Lamb's ear growing as groundcover
Home - Garden
The Grass Alternative That's As Soft As A Lamb's Ear
To enjoy the benefit of a beautiful yard with far less cost or maintenance required than a traditional grass lawn, consider cultivating a hardy lamb’s ear groundcover.
Lamb's ear, or Stachys byzantina, is a perennial that grows well in USDA Hardiness Zones 3 through 9, though it may die back in areas with harsh winters.
Its leaves are covered in soft, silvery blue hairs. It’s considered a groundcover since its thick foliage rarely grows taller than 8 inches, except for its tall summer flowers.
Lamb’s ear thrives in dry conditions, can be used to stabilize soil banks and cover septic tanks, and is able to withstand light foot traffic, although much less than lawn grass.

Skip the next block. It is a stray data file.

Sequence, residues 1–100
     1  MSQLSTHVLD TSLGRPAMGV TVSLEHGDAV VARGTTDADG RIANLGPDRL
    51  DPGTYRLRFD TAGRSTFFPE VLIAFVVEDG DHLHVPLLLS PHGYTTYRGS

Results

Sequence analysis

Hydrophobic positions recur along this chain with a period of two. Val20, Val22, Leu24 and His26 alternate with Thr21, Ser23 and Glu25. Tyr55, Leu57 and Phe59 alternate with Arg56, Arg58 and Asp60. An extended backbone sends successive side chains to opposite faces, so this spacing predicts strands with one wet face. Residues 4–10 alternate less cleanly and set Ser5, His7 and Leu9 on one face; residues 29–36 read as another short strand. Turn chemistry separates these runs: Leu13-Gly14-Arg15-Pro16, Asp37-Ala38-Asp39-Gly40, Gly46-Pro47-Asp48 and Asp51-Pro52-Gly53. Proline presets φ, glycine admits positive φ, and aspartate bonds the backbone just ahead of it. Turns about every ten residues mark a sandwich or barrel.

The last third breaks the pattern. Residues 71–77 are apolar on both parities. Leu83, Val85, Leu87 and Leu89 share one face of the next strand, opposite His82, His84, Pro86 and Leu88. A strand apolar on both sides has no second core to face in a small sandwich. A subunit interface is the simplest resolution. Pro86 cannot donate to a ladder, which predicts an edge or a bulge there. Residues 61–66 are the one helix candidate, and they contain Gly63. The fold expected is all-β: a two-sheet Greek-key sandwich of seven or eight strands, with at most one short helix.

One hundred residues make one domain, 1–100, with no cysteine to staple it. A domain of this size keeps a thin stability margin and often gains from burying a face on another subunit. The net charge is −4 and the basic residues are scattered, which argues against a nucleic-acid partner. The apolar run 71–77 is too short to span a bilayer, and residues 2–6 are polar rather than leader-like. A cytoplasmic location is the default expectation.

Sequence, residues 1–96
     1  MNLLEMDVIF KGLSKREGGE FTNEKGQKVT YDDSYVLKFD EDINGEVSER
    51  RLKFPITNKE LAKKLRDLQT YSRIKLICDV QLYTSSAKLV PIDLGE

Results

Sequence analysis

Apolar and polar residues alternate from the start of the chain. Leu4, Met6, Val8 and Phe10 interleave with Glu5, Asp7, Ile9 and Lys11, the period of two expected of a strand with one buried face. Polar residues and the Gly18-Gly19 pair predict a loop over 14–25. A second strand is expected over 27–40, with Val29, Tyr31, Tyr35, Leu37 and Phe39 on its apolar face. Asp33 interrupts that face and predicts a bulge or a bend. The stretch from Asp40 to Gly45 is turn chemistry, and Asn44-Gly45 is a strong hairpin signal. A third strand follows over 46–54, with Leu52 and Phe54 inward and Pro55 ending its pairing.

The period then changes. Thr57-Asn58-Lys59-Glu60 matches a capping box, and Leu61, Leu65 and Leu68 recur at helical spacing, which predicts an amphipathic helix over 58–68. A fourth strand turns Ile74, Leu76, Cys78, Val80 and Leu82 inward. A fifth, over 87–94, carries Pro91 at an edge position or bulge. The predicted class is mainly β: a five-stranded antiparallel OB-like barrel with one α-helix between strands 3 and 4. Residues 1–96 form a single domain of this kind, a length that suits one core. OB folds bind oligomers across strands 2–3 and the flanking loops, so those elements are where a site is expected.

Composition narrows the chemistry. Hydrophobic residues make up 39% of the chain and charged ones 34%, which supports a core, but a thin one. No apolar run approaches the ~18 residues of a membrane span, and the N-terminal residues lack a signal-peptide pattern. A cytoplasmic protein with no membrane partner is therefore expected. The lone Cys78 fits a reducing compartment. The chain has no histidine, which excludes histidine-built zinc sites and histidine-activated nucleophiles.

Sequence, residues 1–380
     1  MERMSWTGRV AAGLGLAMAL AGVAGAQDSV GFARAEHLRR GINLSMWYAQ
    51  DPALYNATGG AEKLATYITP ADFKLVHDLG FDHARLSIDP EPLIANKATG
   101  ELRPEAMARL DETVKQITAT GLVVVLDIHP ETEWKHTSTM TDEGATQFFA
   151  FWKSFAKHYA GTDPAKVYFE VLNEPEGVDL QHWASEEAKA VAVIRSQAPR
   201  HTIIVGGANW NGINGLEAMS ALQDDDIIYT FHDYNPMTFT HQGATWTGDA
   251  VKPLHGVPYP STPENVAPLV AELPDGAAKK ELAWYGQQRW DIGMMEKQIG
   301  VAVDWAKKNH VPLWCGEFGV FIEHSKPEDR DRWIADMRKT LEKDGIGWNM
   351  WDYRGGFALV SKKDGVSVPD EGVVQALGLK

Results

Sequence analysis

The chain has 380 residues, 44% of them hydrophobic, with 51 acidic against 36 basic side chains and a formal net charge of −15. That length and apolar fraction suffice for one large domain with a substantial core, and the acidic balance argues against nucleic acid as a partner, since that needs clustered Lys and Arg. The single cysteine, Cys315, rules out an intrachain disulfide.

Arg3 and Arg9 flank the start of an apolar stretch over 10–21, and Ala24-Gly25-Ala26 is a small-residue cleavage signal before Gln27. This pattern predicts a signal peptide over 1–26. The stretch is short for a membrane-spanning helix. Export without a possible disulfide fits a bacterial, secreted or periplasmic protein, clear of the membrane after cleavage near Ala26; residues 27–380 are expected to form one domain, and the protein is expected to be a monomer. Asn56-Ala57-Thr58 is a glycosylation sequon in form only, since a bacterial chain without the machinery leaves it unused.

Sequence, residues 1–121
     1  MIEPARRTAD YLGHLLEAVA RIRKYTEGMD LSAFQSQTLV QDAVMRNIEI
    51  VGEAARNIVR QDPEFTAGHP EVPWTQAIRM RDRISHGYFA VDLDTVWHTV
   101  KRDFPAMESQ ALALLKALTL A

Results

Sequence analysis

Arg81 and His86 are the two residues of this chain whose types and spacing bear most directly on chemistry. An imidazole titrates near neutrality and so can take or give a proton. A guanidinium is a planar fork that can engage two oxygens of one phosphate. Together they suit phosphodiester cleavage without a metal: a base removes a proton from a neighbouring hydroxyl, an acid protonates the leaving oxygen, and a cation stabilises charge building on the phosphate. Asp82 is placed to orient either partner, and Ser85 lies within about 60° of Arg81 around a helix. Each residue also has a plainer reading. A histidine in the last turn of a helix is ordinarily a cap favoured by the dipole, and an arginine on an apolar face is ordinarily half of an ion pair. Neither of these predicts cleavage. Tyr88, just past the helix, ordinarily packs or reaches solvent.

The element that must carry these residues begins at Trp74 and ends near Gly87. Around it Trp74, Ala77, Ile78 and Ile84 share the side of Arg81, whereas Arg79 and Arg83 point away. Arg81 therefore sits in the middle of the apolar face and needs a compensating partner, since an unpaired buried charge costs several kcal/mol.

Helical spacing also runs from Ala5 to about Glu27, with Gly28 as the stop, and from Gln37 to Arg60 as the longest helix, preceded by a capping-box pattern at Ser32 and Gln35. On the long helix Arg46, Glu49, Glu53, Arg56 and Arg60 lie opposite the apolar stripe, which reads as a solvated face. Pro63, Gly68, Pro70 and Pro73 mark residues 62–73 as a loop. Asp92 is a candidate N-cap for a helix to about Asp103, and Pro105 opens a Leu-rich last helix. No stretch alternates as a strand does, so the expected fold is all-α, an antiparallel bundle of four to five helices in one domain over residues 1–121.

The purple, pollen-filled flowers it produces in summer attract pollinators like bees, while its hairy leaves are unappetizing to herbivore pests. It’s also safe for your pets.
You can grow lamb's ear easily from seed, seedlings, mature plants, or a divided root ball. Plant it after the last frost through to the end of fall in full sun to partial shade.
Only plant your lamb’s ear in dry areas, as it hates boggy conditions and is susceptible to rot. When it dies back in about four years, divide it to end up with lots more plants.